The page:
Superdry Shares Spike After Founder, CEO Confirms Plans to Find a Buyer

LONDON — With interest rates high and a cost of living crisis in full swing, the public markets aren’t looking as attractive as they once were — at least for some fashion companies.

On Friday, the British high street chain Superdry confirmed that founder and chief executive officer Julian Dunkerton was seeking a buyer for the troubled company, with an eye to pulling it off the London Stock Exchange.

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The news sent the share price soaring 118 percent to close at 46 pence on Friday.

In a statement, Superdry confirmed that Dunkerton “is engaged in discussions with potential financing partners that may include a possible cash offer” for the entire company. Superdry said the discussions are at a preliminary stage and no decisions have been made.

It added that Dunkerton has until March 1 to make an offer for Superdry, or to announce that he does not intend to make an offer with help from new backers.

First Seagull, a Norwegian fund, had built up a 5.3 percent stake in Superdry, according to company filings. The Times of London reported earlier in the week that the fund is interested in making a bid for the company.

Well before the pandemic, Superdry had begun to see a slowdown in growth. It issued a series of profit warnings over the past year and has been the subject of much management drama, with Dunkerton departing as CEO and then returning a year later following a boardroom shakeup.

He has promised to restructure and cut costs. Last month Superdry said it was set to deliver in excess of 40 million pounds in savings in the current financial year, with more than 20 million pounds of those savings already achieved in the first half, which ended on Oct. 28.

The company said it is continuing to explore further “cost-saving options.”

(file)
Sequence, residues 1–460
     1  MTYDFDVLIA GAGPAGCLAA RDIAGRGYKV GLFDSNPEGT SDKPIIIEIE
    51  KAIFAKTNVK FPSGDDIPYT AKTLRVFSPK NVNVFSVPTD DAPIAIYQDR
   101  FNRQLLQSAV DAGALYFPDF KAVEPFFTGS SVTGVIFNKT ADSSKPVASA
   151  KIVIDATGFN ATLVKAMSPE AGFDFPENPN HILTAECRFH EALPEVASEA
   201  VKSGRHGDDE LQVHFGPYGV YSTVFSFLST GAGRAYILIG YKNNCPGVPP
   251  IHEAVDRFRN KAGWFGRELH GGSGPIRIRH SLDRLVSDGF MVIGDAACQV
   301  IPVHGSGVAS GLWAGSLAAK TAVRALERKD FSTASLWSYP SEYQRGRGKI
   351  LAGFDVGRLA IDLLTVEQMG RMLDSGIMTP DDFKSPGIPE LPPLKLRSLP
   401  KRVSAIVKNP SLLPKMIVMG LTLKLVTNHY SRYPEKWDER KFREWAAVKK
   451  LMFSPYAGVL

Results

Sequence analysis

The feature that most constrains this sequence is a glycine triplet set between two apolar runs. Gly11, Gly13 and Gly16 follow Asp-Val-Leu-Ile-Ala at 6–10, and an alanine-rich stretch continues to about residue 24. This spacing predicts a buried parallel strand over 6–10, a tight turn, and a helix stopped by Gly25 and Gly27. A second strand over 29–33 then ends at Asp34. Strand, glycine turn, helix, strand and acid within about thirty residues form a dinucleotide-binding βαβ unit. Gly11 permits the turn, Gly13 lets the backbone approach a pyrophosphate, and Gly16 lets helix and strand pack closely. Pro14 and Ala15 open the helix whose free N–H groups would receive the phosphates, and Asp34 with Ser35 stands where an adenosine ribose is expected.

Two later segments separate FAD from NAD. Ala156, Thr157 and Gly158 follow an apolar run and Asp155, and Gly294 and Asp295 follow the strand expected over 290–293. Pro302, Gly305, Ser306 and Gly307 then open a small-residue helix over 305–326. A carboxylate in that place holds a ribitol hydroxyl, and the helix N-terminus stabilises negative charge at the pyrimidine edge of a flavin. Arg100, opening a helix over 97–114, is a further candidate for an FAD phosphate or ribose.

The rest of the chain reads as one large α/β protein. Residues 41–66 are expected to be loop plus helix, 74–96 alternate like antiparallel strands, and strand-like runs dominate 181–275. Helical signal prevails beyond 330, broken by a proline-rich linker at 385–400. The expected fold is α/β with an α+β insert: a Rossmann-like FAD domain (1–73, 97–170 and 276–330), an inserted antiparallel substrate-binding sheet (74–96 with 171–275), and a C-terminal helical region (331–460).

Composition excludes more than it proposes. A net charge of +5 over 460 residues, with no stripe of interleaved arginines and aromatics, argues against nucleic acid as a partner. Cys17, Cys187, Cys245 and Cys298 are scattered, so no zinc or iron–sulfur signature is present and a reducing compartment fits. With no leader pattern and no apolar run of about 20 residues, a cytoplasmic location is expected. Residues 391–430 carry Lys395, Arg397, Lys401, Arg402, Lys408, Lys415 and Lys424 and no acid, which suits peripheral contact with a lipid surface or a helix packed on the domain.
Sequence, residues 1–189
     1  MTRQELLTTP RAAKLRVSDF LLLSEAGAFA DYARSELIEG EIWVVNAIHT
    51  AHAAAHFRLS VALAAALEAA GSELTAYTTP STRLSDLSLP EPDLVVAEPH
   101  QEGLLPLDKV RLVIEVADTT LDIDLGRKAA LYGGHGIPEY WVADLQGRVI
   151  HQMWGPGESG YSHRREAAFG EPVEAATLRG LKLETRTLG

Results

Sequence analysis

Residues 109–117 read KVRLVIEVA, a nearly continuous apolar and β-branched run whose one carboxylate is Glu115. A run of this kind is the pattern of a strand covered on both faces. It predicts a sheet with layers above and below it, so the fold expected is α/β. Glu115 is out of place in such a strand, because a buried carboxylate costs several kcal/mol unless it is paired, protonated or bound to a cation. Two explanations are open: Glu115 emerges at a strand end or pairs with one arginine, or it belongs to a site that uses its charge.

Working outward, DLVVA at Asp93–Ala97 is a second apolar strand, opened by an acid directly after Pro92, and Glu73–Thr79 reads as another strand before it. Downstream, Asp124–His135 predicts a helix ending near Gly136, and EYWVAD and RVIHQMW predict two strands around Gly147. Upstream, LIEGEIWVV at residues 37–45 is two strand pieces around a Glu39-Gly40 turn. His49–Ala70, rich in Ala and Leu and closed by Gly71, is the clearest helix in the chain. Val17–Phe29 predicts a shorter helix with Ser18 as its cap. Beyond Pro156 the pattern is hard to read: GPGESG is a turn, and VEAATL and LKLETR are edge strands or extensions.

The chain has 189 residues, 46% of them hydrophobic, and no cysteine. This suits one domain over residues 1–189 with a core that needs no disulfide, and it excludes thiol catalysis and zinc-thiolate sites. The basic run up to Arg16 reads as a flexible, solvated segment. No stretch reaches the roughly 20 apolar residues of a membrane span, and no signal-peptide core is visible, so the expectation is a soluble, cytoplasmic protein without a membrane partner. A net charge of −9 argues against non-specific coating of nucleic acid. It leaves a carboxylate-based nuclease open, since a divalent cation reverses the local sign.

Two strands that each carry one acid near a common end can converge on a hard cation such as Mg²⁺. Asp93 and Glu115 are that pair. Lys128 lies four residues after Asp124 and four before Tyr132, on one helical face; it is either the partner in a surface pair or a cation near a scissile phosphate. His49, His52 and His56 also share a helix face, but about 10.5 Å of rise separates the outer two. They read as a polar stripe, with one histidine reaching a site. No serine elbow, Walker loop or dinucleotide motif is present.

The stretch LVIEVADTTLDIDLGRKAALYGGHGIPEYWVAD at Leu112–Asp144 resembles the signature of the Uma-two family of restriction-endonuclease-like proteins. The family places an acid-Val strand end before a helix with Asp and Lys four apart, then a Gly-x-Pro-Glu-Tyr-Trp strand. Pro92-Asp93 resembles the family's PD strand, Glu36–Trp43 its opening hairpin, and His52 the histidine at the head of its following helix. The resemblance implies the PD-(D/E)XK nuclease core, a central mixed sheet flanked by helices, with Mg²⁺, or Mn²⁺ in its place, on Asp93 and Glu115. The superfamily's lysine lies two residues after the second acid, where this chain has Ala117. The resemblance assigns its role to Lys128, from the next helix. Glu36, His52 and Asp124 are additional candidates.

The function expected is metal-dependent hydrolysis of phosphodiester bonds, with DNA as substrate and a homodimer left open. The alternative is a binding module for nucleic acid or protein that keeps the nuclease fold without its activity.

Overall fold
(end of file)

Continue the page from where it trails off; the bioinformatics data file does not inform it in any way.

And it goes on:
The macro-environment is working against Superdry, which reported a 24 percent decrease in first-half revenue, and a profit before tax of 3.3 million pounds.

Dunkerton blamed shrinking sales on a “challenging consumer retail market, set against a backdrop of macroeconomic uncertainty and some remarkably unseasonal weather.”

He added that wholesale sales had underperformed in the period following the company’s decision to exit its U.S. operations and sell its brand rights in non-core territories.

Superdry is not the first British retail brand to fall on hard times. Like fellow high street retailers Jack Wills and French Connection, it enjoyed a long period of popularity, but then the audience grew up and moved on.

Similar to Jack Wills and French Connection, Superdry was also crushed under the wheels of international fast-fashion giants Inditex, Uniqlo and H&M Group, which are always iterating and seeking to appeal to different audiences and demographics.

Superdry’s designs are also stuck in the brand’s 2000s heyday when the likes of David Beckham and Kate Winslet wore its vintage-y T-shirts with their mix of Japanese and English lettering.

Dunkerton isn’t the only industry captain to explore taking his company private in hard times. Shares in Farfetch spiked briefly last fall after media speculation that founder and owner José Neves was mulling taking the company private.

Not long after, Farfetch entered pre-pack administration. Coupang purchased it, and injected $500 million to keep it afloat.

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